This qualitative phenomenological study added to the literature for African American women senior leader’s lived-experiences in the defense industry. African American women were significantly underrepresented in senior leadership positions, with little representation to be seen as role models. This study was designed to gain a better understanding of how African American women overcame challenges or barriers that once stymied so many African American women on their climb to upward mobility. The study’s design was central to exploring how the benefits of informal networks, mentoring, and leadership and developmental training contributed to career advancement. Nineteen African American women from across the US agreed to participate in the study and to describe in their own voices how they overcame challenges for advancement in male-dominated industries. Guiding questions for this study were: (1) what challenges were overcome by African American women senior managers? (2) what is the value of having a mentor and an informal network for African American women senior managers? and (3) what type of leadership and developmental training is considered valuable by African American women senior managers? Telephone interviews were conducted for data collection. The van Kaam method, as modified by Moustakas (1994), was used for data analysis. The study’s results were conclusive for those factors—informal networks, mentoring, and leadership and developmental training—as invaluable for African American women’s career advancement. This study focused on African American women within the defense industry. Future researchers should conduct a study of African American women senior leaders’ experiences across all spectrums of federal, state, and local agencies.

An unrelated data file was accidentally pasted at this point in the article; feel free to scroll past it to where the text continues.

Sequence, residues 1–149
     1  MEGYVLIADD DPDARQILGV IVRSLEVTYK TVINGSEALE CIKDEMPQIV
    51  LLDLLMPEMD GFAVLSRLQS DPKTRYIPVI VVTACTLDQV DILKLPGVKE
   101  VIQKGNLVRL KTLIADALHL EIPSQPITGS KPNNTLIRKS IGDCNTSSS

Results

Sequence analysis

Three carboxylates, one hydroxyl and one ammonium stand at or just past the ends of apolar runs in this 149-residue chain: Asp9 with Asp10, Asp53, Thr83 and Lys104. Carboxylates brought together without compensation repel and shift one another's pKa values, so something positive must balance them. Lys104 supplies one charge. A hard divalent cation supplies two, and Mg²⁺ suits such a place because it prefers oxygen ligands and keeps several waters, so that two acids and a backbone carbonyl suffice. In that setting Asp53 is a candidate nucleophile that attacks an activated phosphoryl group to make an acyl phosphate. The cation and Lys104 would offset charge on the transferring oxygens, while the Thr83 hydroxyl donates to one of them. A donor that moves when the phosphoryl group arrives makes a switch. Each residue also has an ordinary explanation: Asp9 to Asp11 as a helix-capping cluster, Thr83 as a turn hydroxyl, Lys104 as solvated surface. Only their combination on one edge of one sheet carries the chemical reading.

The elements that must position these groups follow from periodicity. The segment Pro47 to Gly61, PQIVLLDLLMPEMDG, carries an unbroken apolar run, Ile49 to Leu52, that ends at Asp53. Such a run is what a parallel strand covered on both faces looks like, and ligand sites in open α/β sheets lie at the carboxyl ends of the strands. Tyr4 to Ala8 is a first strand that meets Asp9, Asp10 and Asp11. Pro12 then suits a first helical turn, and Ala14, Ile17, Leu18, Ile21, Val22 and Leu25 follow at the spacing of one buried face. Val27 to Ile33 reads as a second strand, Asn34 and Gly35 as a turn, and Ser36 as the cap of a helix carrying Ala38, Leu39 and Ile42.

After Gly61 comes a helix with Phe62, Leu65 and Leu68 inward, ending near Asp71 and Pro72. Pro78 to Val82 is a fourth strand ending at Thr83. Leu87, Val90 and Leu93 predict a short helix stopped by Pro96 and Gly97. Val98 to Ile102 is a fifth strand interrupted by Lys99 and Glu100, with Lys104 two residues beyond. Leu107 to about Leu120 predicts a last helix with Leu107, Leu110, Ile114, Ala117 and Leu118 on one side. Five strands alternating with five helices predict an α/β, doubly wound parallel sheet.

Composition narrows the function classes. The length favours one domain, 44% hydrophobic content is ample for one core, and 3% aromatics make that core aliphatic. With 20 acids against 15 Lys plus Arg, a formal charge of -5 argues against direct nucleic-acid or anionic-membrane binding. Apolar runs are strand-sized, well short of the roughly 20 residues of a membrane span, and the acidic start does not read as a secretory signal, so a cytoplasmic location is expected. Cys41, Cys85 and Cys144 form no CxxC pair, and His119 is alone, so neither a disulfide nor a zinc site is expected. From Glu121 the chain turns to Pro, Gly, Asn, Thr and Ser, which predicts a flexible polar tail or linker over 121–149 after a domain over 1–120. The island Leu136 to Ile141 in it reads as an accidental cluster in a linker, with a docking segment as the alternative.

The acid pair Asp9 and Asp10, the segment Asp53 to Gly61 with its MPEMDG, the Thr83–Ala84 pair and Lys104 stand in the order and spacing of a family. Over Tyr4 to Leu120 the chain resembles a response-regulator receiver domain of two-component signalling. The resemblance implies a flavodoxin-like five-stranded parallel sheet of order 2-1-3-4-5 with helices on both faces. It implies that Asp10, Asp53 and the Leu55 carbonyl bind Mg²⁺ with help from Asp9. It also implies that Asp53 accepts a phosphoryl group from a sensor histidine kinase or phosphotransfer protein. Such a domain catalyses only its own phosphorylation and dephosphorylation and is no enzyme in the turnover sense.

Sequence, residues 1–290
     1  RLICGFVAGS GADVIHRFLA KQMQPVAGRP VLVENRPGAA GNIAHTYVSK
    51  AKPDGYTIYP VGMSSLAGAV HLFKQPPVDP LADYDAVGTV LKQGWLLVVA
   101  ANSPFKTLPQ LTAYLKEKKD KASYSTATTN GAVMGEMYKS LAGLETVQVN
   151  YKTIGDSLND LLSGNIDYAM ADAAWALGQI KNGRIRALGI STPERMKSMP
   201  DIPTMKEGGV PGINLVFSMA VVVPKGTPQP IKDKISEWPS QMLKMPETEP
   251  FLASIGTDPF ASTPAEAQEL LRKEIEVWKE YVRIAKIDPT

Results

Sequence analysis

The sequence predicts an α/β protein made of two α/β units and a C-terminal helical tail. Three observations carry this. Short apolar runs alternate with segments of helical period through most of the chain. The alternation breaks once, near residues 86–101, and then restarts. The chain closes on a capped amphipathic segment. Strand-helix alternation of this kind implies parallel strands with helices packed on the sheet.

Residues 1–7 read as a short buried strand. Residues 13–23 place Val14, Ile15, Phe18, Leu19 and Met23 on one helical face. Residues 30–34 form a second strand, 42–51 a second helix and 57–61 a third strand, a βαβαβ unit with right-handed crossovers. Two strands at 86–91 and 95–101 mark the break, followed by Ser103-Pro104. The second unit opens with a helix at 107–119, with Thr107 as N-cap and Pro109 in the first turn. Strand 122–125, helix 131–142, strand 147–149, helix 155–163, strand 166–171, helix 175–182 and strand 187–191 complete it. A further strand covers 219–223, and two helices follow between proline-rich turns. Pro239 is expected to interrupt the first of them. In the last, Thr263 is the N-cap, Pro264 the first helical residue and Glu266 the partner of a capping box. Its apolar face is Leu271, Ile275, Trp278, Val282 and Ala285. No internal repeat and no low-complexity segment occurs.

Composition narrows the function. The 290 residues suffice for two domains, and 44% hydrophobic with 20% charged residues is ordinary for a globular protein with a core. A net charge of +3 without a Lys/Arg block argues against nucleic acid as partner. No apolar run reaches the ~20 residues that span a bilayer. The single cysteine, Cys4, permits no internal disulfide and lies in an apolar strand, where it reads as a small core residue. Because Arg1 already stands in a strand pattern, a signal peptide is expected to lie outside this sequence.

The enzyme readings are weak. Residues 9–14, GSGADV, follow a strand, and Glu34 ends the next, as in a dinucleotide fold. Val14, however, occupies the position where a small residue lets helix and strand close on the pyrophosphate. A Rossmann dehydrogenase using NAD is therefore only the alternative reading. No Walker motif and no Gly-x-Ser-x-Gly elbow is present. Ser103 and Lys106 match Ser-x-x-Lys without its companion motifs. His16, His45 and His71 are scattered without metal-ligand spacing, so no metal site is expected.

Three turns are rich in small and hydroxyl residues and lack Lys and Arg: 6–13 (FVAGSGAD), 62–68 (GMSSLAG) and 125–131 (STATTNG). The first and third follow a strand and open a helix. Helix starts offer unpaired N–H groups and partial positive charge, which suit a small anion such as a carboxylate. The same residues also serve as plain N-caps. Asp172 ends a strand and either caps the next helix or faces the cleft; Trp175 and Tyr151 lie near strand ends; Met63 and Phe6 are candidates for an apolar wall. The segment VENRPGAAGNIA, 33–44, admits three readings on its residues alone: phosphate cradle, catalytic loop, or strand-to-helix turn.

|Subjects||African American studies; Women's studies; Management|
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